She shrugs. “We’re helping to raise dogs that are going to help other people. You do things for the greater good sometimes, right?”

THERE’S NO QUESTION these dogs love their work. Eileen says Sirius can hardly contain his excitement when she drops him off at the center each morning. No wonder; the mood here is so positive, so relentlessly upbeat, that it’s like living in Mr. Rogers’s Neighborhood. Sometimes you forget: These dogs will be sent onto battlefields to sniff for bombs; they’ll search for interlopers at border crossings. They’ll stare down the barrels of guns. They’ll do these things because to them it’s a game, and because they want to please their humans. But the bond goes both ways. “It’s more than companionship,” Bob Dougherty says of the working-dog relationship. “I’m with my police dog constantly — more than I see my wife most days. My canine partners rely on me, and I rely on them.”

What the center learns from the dogs is disseminated to trainers and breeders via academic papers, conferences, workshops, classes, its website. “We need research on how dogs behave so people can change the way they do things with dogs,” says Pat. She and Annemarie and Jonathan and the rest spend their days looking at dogs the way dogs look at people: with their heads half-cocked, wondering, “What now?”

Humans have long changed dogs; that’s how we wound up with toy poodles and pit bulls and Great Danes. But dogs change people, too. Jonathan was going to become a human doctor until his work with the puppies convinced him to apply to vet school. The center partners with nonprofits like New Leash on Life and Hand2Paws, helping convicts and homeless kids find self-discipline and purpose in the hard work of training. Mo had been sitting at home watching TV for two years, unable to work as a cook because of a seizure disorder, when he walked through the center’s door to volunteer. He’s been here ever since. “I love my dogs,” he says. “They’re all my favorites. Not one of them don’t know Mo.”

The next time I see the dogs, they’re on a field trip to Six Flags Great Adventure. It’s June, five days before the water park opens for the summer. Papa Bear, Felony, Quest and Logan are here, as is the newest baby, 10-week-old Osa. Also present: half a dozen handlers, and the golden retriever from the ladies’ room. Turns out he’s Prior, Annemarie’s current drug dog, who rides with her to the center from Jersey every day. He’s not a bathroom guard after all — he just doesn’t like being crated in the big room with the other dogs. But he loves the walks and ball-chasing and pats he gets from volunteers.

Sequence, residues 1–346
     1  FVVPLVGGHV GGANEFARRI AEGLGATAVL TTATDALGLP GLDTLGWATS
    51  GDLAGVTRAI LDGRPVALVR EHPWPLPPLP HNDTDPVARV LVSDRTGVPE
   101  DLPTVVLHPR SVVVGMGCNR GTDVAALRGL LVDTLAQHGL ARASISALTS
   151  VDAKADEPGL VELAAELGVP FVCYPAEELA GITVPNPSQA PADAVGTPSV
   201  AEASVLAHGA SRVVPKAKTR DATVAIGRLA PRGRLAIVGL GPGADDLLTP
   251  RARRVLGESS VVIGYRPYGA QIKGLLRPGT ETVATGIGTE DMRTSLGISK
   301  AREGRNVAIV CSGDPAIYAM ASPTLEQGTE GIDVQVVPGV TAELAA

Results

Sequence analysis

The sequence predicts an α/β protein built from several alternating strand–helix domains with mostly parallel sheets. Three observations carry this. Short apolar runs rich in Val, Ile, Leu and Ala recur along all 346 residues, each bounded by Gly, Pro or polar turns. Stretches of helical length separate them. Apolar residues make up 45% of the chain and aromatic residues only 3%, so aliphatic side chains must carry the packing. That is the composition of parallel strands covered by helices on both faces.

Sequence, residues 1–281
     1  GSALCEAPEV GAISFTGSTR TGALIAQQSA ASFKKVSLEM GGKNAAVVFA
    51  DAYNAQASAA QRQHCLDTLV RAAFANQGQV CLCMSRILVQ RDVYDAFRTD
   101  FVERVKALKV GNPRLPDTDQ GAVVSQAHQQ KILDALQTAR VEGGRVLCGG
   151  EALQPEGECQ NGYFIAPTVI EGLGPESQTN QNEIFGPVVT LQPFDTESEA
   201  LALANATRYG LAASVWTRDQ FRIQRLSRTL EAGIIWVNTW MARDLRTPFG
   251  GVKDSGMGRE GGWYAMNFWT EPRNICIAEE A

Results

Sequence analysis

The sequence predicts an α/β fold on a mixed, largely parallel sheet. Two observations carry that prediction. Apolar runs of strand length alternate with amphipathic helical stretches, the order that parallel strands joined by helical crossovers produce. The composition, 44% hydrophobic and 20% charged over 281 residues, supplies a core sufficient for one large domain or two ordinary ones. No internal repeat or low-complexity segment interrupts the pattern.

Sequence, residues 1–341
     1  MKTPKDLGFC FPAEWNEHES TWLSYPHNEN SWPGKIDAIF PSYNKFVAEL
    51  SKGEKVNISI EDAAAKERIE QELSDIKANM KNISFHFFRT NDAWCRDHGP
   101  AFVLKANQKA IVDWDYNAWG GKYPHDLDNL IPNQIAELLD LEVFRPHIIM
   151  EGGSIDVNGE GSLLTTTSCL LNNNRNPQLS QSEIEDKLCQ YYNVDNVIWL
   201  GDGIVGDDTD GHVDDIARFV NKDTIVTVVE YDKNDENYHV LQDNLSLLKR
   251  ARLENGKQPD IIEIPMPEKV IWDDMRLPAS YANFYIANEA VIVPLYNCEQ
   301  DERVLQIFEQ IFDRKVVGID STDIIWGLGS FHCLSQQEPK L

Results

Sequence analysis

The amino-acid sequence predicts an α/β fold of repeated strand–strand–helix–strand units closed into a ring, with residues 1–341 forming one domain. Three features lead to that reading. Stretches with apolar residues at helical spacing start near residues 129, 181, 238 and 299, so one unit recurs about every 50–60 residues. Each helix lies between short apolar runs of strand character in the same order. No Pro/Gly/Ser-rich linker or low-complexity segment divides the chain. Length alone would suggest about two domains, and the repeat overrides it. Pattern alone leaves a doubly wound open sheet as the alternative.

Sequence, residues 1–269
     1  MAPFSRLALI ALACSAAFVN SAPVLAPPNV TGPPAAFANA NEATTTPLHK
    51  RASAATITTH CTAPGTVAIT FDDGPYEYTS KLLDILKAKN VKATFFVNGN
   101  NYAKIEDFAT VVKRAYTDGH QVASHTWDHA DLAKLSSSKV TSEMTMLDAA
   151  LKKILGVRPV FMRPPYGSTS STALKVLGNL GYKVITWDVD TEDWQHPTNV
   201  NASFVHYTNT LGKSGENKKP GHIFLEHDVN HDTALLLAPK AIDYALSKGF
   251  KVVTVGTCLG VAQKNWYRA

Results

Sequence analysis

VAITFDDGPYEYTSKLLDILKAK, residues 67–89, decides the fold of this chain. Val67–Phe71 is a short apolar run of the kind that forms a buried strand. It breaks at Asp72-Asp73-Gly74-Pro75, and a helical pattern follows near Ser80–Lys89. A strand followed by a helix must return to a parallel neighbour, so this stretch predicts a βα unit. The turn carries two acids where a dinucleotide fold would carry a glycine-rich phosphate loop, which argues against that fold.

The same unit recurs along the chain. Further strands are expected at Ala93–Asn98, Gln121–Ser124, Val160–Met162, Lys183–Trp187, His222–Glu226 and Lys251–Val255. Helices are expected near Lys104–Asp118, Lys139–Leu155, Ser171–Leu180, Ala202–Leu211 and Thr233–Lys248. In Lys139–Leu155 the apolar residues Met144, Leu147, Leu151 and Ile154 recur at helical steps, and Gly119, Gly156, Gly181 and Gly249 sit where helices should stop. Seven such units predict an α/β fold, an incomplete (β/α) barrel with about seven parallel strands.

It’s the same routine here as back home: search-and-rescue, this time with the difficulty kicked up by the unfamiliar surroundings, hundreds of empty lounge chairs, a roofing crew atop a snack bar, a crowd of foreign teenagers taking lifeguarding tests, and a slew of groundskeepers armed with weed whackers and hedge shears. After their turns at hide-and-seek, the dogs get to learn to swim — or, more accurately, to discover that they know how to swim already — as the fully clad handlers lure them into a clear blue pool with tennis balls and tugs. Then everyone converges on a pirate-ship playground with slides leading into a splash pool, dogs and humans running and laughing and shouting and barking and splashing in the bright hot sun.

We’re a long way from Ground Zero. Still, Papa Bear and Quest and Logan look as much at home in the unnatural blue waters of Great Adventure as a Yorkie does in a Gucci bag. Thirty thousand years of mutual need and devotion have tangled the ties between dog and man beyond all unraveling. That first wolf-pup, wounded or frozen or starved, who crept timidly toward an outstretched hand — who’s to say that wasn’t where it belonged?

Originally published as “This Puppy Could Save Your Life” in the September 2014 issue of Philadelphia magazine.